The Park warden’s voice shifted between frustration and fear when he said strongly, “for the last time, the best thing to do if you are afraid of bears is to leave the campground. This is bear country.”

Of course, he was right even though for a novice camper such as myself, it was unsettling to have a bear walk behind my tent and cooler strategically placed a good distance away. The bear moved on to visit the picnic table of another camper nearby. Fortunately, neither of us was home at the time but the thought of the bear in the park and especially at our sites put everyone on high alert.

I slept in the car.

If the warden seemed agitated, it could have been out of a growing concern both for campers and for the bear. Afterall, at least 20 bears were destroyed in the Sahtu region alone this year; two more in the city of Yellowknife and we are not sure of the number in the immediate Yellowknife area. ENR knows it is a sensitive topic and doesn’t advertise the statistics. Sadly, the bear that visited Prelude two weeks ago was also likely destroyed after crashing a few backyard BBQs and trying to crawl into a couple dumpsters. Now habituated to human garbage and anxiously trying to pack on pounds ahead of an approaching hibernation, the bears are more often frequenting the space occupied by humans — enticed by smells and quick meals they cannot resist.

That they are sometimes destroyed for their inquisitive nature is not necessarily their fault. They are doing what bears do – looking for food. Too often, they are killed because humans fail to deal with their garbage properly. Their sad end, which many bewail, are too often caused by humans themselves.

A mother bear scrambles up the trunk of a tree. We live in the black bear’s habitat, not the other way around, columnist Nancy Vail writes. Photo courtesy of Kerry Howard

Last weekend, campers at Prelude kindly packaged dog feces then left the plastic bag at the side of the road. A few feet down, someone had tossed a Tim Hortons ice cap container and nearby lay a beer can – all deposited after many campers had turned in. For most people, it is not a big deal. However, all three attract bears and could result in an attack or another bear death.

Indeed, though almost blind, bears have the best sense of smell of all terrestrial mammals. Black bears in fact, have been known to travel 18 miles in a straight line to a potential food source. The dog poop, the Tim Hortons container and the beer can are enticing smells – thus littering has the very real potential of causing a bear/human encounter ending in the death of the bear. That is not their fault — the bears are doing that which is only comes naturally.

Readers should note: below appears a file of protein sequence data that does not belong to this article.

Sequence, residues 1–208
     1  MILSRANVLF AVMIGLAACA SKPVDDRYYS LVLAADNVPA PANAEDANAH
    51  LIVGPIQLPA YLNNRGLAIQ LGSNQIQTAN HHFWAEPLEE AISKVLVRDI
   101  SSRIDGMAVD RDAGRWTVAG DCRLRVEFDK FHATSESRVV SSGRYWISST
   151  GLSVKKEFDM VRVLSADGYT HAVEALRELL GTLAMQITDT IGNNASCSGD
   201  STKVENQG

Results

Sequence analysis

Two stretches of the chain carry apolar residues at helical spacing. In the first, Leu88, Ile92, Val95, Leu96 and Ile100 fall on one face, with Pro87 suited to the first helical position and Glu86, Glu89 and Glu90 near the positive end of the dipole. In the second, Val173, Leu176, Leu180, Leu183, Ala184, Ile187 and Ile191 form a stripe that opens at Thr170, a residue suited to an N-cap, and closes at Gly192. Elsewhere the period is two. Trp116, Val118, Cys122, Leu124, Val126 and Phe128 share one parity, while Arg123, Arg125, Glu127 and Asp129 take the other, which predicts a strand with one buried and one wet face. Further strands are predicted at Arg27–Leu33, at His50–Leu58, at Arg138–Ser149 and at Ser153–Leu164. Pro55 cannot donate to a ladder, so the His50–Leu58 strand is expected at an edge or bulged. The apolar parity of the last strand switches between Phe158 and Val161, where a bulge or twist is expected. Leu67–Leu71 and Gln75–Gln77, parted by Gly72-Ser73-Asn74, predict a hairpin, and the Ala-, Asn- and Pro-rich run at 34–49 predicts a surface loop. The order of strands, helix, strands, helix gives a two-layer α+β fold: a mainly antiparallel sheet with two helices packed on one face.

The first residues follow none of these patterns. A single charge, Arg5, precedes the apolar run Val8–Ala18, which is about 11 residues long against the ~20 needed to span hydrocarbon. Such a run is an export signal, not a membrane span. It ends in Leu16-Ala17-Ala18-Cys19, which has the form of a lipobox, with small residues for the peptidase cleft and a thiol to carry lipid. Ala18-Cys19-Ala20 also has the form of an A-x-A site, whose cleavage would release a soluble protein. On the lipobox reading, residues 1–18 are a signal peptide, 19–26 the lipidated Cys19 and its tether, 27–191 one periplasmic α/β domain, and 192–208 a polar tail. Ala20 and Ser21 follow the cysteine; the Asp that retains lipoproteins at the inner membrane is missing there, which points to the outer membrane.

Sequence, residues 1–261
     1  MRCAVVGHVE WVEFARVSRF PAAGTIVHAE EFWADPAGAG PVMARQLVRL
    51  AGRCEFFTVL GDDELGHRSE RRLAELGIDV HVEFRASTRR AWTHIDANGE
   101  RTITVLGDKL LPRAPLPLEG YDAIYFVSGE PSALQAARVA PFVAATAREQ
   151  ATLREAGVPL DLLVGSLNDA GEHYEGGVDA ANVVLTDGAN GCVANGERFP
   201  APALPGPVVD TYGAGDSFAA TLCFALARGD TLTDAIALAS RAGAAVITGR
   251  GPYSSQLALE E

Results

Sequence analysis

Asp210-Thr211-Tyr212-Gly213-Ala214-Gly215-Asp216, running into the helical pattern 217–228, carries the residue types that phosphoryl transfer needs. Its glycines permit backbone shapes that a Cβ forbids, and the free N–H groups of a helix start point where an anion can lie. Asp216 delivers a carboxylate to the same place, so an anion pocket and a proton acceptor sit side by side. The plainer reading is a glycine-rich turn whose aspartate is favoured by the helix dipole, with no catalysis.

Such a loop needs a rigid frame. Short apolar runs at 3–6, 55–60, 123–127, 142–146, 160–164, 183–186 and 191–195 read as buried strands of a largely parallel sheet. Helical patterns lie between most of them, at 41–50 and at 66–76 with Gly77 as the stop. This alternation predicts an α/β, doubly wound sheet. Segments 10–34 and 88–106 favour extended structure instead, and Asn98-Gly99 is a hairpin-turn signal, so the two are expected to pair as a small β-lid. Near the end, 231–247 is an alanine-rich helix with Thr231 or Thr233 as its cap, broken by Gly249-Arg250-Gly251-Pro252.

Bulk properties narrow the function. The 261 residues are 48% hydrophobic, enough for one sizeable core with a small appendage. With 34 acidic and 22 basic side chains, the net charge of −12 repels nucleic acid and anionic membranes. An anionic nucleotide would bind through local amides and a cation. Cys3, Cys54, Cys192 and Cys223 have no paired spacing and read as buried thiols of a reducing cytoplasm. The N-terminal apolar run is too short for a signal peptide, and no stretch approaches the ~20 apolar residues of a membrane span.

Throughout the spring and summer, a momma and her two cubs have lived on the fringes of Prelude Park, eating the berries and fish found there. It has been a favorite pathway for bears for years. No one wants anything to happen to this family and fortunately, they have only visited the park once. However, we have seen people leave their cars and move in for that perfect close up. This of course, is an invitation to disaster and we all know who would pay the price.

It would not the first time that a momma and her cubs have been killed there. Several years ago, a family of four was destroyed after being habituated to human garbage. ENR says bears generally return to a favored site so trapping and release, though sometimes tried, is not often successful. It is hard on the bear and they too often come home. Why wouldn’t they? Bears have roamed these hills for centuries accustomed to the proliferous berry patches. They were here long before most humans moved in or decided to use these areas for recreational activities. Now that we are spreading like ground cover, the bears are paying an increasingly high price.

Their behaviour has not changed; the practices and spread of the human species has. Recently, someone on Ingram trail killed a bear that had visited her backyard deck undeterred by the bear banger and air horn used to scare him away. Was this kill necessary and should ENR be contacted first or only after the bear has been destroyed? The ending of every life needs to be carefully considered.

If the park warden was so upset that night, it was likely because there was an awareness that this bear too could lose its life—always a sad event.

This is indeed bear country and they deserve to live fulfilled lives too. Living with them does not require a change on their part – it requires more bear awareness on ours. When you are camping in bear country, make sure not to litter. Be aware of the areas they frequent; forget the selfies and put your food far away.

Bears are one of nature’s gift. It is up to us to take care of it.

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